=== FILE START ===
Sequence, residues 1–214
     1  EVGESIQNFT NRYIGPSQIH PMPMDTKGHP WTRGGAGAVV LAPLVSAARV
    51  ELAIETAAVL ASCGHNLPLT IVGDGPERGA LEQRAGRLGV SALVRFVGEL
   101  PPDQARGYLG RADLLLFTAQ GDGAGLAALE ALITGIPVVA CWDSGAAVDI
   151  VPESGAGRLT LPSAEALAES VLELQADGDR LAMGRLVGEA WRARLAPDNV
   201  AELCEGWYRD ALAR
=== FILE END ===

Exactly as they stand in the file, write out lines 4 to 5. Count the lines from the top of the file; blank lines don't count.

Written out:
   101  PPDQARGYLG RADLLLFTAQ GDGAGLAALE ALITGIPVVA CWDSGAAVDI
   151  VPESGAGRLT LPSAEALAES VLELQADGDR LAMGRLVGEA WRARLAPDNV